“New Trend” in Portuguese, Bossa Nova came to be when Samba was fused with Jazz during the 1950s and 60s going on to become one of the most recognisable Jazz styles in the world. At its heart, Bossa Nova relies on just guitar and voice, with Joao Gilberto probably the most famous for stripping the style to its essentials. At the more elaborate end of the scale percussion, piano, strings and flutes provide detail and texture and bring the style closer to Jazz than Samba. Either way, there will almost always be a finger-picked, classical guitar taking the lead rhythm duties.

So, how do you know you’re listening to Bossa Nova? Well, the first clue is the emphasis on the second beat in the bar, just like in Samba. On the other side, while the majority of Jazz-influenced music tends to have swing beat, Bossa rhythms sway. When taken with those accented second beats, this sway helps Bossa become a passionate and, at times, sexy music that doesn’t require a huge amount of energy to drive it along. No doubt this is why it sounds so good when it's sound tracking an intimate meal for two, or in a movie during that scene no couple in the back row of the cinema ever sees.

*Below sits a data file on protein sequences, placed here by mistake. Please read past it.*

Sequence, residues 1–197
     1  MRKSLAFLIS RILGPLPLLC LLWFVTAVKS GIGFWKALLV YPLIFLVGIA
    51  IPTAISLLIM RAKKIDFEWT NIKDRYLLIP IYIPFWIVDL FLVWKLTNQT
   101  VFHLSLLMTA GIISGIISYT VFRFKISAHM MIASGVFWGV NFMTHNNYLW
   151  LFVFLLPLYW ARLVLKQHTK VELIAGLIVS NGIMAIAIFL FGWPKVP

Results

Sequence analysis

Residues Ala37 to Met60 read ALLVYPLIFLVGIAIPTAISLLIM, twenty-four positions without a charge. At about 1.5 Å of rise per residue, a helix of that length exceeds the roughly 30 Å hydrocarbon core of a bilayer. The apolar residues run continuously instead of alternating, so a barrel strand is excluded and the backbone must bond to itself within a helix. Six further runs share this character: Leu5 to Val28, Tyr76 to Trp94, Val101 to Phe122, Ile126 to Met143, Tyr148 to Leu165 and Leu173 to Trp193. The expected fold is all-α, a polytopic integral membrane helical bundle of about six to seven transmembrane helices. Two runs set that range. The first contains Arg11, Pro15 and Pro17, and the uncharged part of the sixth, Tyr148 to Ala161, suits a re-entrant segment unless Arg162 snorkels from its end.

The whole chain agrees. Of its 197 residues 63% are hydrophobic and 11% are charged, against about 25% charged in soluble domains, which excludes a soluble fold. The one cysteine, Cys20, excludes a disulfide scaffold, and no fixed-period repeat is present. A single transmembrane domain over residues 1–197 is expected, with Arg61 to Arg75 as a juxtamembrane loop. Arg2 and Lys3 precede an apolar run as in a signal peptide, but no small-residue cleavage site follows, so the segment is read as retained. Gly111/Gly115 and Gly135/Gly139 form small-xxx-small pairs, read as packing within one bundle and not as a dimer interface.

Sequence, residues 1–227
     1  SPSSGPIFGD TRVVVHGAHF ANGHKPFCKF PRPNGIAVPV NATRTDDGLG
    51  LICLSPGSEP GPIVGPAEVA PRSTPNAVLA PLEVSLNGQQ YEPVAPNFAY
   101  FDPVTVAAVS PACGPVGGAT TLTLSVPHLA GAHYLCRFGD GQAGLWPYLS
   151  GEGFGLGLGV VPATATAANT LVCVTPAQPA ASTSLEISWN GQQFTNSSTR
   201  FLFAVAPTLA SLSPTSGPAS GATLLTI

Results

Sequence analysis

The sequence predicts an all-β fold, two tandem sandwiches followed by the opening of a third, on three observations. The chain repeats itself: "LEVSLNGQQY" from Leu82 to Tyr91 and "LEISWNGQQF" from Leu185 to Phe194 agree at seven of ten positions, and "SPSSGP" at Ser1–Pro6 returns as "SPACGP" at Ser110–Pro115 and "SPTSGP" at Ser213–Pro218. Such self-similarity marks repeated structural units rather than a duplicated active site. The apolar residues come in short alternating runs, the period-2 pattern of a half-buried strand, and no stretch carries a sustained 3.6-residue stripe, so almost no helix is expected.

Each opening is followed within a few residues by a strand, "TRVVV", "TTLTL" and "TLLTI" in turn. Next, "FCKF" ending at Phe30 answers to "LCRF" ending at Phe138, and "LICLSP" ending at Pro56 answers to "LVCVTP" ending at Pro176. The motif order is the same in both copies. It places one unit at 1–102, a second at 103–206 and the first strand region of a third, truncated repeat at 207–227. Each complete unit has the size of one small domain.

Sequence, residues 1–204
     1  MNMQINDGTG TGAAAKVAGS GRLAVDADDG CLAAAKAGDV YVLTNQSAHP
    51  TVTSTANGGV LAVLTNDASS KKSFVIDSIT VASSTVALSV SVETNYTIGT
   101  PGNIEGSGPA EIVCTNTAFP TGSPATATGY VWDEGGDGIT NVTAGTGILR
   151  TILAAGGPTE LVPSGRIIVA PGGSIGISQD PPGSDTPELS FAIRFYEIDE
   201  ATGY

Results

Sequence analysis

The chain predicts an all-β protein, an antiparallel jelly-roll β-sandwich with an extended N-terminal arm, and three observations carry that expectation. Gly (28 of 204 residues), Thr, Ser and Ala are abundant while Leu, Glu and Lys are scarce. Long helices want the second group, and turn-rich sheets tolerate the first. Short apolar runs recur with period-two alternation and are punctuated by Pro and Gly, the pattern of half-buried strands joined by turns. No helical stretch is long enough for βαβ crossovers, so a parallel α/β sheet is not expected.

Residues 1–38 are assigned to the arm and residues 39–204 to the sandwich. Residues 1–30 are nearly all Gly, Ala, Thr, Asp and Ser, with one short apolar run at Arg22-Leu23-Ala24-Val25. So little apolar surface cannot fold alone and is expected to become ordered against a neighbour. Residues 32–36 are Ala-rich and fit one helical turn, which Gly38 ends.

Bossa Nova in short: The sway of a Bossa Nova rhythm means it sounds unmistakably Brazilian.

Try listening to: ‘Garota de Ipanema’ by Tom Jobim, ‘Canto de Ossanha’ by Baden Powell, ‘Rico Suave Bossa Nova’ by J Dilla.

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